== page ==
CRS, Inc.
The Economics of Inmate Labor Force Participation

Funded by The Center on Crime, Communities & Culture, of The Open Society Institute
Through a Grant to CRS, Inc. (Community Resource Services)
Hosted by The George Washington University

Tom Petersik, PhD., Project Director
September 2000

  Inmate Labor  

At the National Symposium on  the Economics of Inmate Labor Force Participation in May 1999, five prominent U.S. economists presented expert opinions on whether inmate participation in the labor force would be positive or negative for the U.S. economy, and  the nature of the impact participation would have on civilian labor. The experts also offered their recommendations for U.S. inmate labor force policies. 

Although reading each economist’s opinion is necessary to gain a full appreciation of their conclusions, there was general agreement that:

  • Inmate labor force participation would be good for the U.S. economy because it would increase the nation’s output of goods and services. Inmate employment would increase Gross Domestic Product (GDP) and be generally good for consumers, business, government and taxpayers. Inmate participation would have special significance for compensated victims, inmates, and inmates’ children and families.  But the experts noted that the overall economic benefits would likely be small because the inmate population represents such a small percentage of the U.S. workforce and inmates are, on average, less productive than their free world counterparts. According to the economists, the increase in Gross Domestic Product (GDP) would likely represent less than 1 percent.
  • The greatest social and economic benefits from inmate labor force participation would likely come from reduced future crime and recidivism resulting from the improved post-release behavior of offenders. The magnitude of this benefit is  uncertain. Moreover, in the event that lower incomes for low-wage civilians resulted in additional crime, the possibility of net harmful effects could not be excluded.
  • Inmate labor force participation would have little or no discernible effect on U.S. civilian labor overall, but might slightly reduce the wage rate and employment levels for low-wage civilian workers. But because inmates disproportionately come from lower-income populations, losses to low-wage civilians might be offset (to an unknown degree) by reduced crime and the income benefits from inmate employment.

According to the experts, the roots of inefficiencies in current inmate labor and prison industries are the absence of a free market and rules favoring government-owned prison industries. Therefore, public policies in inmate labor and prison industries should introduce the free market and use the same rules for prison industries as for private industry competitors.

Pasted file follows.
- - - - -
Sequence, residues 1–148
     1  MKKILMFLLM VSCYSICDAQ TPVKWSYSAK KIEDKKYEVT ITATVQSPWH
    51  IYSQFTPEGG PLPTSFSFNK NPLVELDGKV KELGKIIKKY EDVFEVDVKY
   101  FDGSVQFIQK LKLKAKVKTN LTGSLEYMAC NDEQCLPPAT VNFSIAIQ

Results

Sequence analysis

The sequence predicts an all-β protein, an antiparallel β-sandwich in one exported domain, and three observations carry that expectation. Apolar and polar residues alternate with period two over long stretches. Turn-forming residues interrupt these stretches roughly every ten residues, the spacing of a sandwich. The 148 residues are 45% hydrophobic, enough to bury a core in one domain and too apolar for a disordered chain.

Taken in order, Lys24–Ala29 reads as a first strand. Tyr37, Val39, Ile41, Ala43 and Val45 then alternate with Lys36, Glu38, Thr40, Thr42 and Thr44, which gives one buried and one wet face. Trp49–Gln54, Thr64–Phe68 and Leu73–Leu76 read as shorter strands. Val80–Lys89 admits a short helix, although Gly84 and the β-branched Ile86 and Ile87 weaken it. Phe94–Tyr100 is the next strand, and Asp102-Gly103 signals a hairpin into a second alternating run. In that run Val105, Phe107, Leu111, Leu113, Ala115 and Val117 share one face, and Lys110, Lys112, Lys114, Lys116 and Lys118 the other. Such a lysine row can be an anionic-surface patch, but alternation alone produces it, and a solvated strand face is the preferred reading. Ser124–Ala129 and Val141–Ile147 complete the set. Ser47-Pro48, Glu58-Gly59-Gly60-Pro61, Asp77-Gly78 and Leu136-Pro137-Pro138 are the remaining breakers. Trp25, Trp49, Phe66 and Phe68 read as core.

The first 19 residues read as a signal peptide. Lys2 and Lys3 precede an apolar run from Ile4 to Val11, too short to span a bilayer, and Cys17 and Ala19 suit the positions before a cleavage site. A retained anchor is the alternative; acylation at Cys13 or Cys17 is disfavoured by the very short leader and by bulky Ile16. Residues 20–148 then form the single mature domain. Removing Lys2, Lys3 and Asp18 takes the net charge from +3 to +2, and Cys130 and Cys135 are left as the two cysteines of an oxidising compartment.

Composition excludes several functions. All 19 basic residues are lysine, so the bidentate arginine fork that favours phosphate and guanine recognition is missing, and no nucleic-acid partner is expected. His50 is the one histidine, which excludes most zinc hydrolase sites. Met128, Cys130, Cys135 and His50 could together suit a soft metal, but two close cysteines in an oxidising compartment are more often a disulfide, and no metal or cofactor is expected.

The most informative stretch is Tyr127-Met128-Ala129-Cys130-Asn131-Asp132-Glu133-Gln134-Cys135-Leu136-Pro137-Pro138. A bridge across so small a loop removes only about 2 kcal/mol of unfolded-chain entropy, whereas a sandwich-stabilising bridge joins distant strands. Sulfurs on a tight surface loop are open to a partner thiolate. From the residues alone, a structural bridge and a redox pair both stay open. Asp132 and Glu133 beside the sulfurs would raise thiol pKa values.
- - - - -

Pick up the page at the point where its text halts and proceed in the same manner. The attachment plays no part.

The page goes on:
Economists' Recommendations  

The economists generally recommend:

  1. Privatize prison industries or remove all competitive advantages of government-owned prison industries
    • Eliminate preference in sale to government markets
      Use open-market bidding for use of the inmate labor force
  2. Apply the same standards to inmates as for civilian labor
    • Identical wage standards, including application of the Federal minimum wage
    • Identical application of civilian labor law, including the Fair Labor Standards Act, workers compensation, and health and safety standard
  3. Allow inmates to join unions or an alternative form of organization to provide some representation in negotiating their terms of employment
  4. Invest in raising inmate productivitythrough training, education, counseling, and treatment

In addition to the preceding consensus items, each economist offered some individual  comments. Ray Marshall (former Secretary of Labor and currently a professor at the University of Texas) emphasized the importance of recognizing the historical context of stakeholders and issues. Richard Freeman (Harvard University) suggested  that inmates could be used to recapture jobs that have been lost to foreign nations, noting the possibility of inducing crime if low-wage domestic civilian labor were severely harmed.  Alan Krueger and Jeff Kling (Princeton University) were joined by Steven Levitt (University of Chicago) in suggesting the possibility of subsidizing inmate labor if social benefits—such as crime reduction or reduced costs of prison operation—exceeded private benefits.

Afternoon discussion groups allowed participants and speakers to explore issues in more detail. In general, participants found existing evidence on the benefits or costs of inmate employment to be lacking and less than convincing. Their recommendations for action focused on research:

  • Measurement of recidivism effects of inmate employment and examination of the elements of employment that reduce recidivism
  • Examination of the social processes of adjustment that contribute to success after release, including education
  • Demonstration programs in the areas of education, training, employment, and transition and community integration
  • Effects of inmate unemployment and employment on children, families, and family reintegration after release
  Available Files